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I currently have Python2.7, and Python3.3 installed on a Mac. I am trying to install matplotlib so that I can create candlestick, and line graphs. I have tried multiple methods of installing matplotlib, but they are all failing. For example:

port install py27-matplotlib
No broken files found.
MacBook$ python2.7
Python 2.7.1 (r271:86832, Jul 31 2011, 19:30:53) 
>>> import matplotlib
Traceback (most recent call last):
  File "<stdin>", line 1, in <module>
ImportError: No module named matplotlib

attempts at source builds off matplotlib-1.1.1 lead to C header errors.

The parent problem that I am trying to solve is to create candlestick, and line plots. Is there another library better suited to this maybe?

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It is very simple to do with R. You can interface R from Python with Rpy: – The Unfun Cat Nov 7 '12 at 21:07
Does which python give you the Python installed through MacPorts? – larsmans Nov 7 '12 at 21:09
This isn't a problem with the library's capabilities, but rather of your installation of it (it wont even import!)... you should explain how you have attempted to install it. – Andy Hayden Nov 7 '12 at 21:11
"Use R" isn't really a useful answer. He's asking how to do plotting in Python. – Iguananaut Nov 7 '12 at 21:36
Remove all traces of macports from your system and install Python from Homebrew – jterrace Nov 7 '12 at 21:50
up vote 0 down vote accepted

seems like you have a python's path issue and maybe this post will be helpful.

update: i reemphasized my hint at the path issue because of a comment...

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When you install third-party Python packages, like matplotlib, with MacPorts via a pynn-x port, they are installed into a MacPorts Python instance. You need to use that Python; if you do, there is no need to set PYTHONPATH. And there may be difficulties trying to force running of those installed packages with another Python (like an Apple-supplied system Python) as the build configuration of the two Pythons may be incompatible (architectures, deployment target, etc). – Ned Deily Nov 7 '12 at 22:24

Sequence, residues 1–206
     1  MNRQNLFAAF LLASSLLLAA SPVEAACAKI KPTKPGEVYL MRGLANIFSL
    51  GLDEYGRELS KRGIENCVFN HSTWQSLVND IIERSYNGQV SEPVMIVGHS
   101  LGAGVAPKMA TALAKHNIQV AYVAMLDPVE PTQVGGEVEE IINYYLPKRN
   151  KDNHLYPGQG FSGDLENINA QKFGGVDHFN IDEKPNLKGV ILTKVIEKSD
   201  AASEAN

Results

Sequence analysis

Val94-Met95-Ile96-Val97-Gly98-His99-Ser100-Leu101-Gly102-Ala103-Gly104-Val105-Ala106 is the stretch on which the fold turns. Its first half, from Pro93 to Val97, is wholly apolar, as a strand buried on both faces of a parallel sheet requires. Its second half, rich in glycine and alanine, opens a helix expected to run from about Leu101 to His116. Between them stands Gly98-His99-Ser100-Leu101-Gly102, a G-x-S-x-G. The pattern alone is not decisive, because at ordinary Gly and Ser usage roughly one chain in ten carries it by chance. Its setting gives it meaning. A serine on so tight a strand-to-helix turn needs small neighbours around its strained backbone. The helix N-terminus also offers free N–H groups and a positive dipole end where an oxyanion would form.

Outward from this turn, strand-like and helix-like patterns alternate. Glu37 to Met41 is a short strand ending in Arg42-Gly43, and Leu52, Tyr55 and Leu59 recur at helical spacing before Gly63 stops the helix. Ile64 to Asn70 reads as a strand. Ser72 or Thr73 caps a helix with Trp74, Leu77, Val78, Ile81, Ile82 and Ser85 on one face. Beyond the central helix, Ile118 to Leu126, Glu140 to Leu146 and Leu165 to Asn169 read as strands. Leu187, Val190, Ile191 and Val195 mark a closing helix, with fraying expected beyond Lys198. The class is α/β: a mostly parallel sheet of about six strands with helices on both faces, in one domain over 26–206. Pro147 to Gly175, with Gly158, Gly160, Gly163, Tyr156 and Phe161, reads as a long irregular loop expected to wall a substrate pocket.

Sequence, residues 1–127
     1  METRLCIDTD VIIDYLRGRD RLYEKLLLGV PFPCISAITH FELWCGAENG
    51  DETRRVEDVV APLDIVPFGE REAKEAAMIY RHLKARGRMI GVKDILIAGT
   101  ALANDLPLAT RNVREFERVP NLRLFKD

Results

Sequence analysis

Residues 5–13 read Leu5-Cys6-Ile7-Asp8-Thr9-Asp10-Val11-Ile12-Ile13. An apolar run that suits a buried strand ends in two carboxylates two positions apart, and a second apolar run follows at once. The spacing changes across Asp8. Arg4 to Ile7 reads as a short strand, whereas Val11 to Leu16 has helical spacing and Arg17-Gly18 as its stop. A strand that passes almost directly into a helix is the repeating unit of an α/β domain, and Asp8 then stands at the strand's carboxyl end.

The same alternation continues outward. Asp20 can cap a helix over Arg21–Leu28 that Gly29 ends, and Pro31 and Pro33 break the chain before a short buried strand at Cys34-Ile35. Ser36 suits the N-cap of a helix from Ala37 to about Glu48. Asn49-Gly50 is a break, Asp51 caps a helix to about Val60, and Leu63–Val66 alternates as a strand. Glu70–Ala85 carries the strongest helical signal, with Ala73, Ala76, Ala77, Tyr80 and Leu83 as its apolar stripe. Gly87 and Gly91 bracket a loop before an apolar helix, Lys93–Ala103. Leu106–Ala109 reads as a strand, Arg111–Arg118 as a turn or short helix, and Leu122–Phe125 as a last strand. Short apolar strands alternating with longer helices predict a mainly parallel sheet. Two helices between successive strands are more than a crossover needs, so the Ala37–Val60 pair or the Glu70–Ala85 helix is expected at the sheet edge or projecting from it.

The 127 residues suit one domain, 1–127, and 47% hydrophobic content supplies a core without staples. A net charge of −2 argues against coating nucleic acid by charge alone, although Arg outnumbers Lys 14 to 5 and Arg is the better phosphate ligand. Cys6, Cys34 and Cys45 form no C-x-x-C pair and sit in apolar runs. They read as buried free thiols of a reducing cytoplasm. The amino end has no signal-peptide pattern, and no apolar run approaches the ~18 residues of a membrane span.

that may be valid objections, but i don't see how that warrants a downvote to a 1st most likely cause of his problem with 2nd link to an ACCEPTED answer and 3rd i DIDN'T propose a change to his PYTHONPATH - enviroment variable, but merely hinted the cause! btw. the linked answer does stress the point with the port supplied python version... – Don Question Nov 7 '12 at 22:29
The PYTHONPATH environment variable (as in the original answer) is totally different from the PATH environment variable. So, yes, your edited answer is better. – Ned Deily Nov 7 '12 at 22:36
Def pointed me towards the solution. Thanks. The Unfun Cat, I had tried Rpy, and Rpy2, but found the number of graphing examples of the interface into R a little low. Are there some somewhere? – stubble jumper Nov 7 '12 at 22:48

You need to use the MacPorts-supplied Python 2.7, not the Apple-supplied system Python 2.7. Try:


To avoid having to use absolute paths, make sure that the recommended MacPorts bin directories are on your shell PATH and run sudo port select python python27 to select the MacPorts Python 2.7 as the default for /opt/local/bin/python.

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